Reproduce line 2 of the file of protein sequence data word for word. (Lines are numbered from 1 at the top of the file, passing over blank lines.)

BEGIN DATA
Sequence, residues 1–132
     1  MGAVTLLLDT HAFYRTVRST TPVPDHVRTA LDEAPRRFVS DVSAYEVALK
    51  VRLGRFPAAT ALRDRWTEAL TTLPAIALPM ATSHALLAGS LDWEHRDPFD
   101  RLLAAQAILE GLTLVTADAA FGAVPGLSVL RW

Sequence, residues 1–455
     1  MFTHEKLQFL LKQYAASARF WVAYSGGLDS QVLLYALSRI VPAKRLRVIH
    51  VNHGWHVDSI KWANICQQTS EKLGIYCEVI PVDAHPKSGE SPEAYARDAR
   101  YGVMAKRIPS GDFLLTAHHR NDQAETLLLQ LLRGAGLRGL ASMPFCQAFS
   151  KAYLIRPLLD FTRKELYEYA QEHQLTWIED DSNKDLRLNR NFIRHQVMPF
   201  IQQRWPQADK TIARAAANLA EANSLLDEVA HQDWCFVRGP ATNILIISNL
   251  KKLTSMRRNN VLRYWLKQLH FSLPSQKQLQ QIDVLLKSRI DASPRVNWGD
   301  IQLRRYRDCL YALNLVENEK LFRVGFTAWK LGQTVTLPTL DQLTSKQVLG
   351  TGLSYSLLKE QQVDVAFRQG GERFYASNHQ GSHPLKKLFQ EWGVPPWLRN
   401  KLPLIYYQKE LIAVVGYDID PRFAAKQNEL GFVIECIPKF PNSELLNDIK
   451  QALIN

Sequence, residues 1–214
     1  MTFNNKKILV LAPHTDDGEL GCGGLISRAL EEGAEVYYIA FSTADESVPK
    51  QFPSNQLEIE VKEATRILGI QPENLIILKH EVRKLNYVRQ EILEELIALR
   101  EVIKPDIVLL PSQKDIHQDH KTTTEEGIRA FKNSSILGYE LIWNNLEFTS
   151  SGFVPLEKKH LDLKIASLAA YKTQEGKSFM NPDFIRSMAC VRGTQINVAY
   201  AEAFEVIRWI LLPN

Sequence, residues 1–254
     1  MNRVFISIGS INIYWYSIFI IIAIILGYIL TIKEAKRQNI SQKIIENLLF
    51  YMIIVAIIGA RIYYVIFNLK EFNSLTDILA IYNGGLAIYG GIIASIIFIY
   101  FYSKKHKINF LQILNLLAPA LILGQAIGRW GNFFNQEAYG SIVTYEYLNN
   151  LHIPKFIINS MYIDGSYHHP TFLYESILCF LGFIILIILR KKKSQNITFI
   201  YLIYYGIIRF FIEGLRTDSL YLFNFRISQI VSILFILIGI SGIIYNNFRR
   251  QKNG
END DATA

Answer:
     1  MGAVTLLLDT HAFYRTVRST TPVPDHVRTA LDEAPRRFVS DVSAYEVALK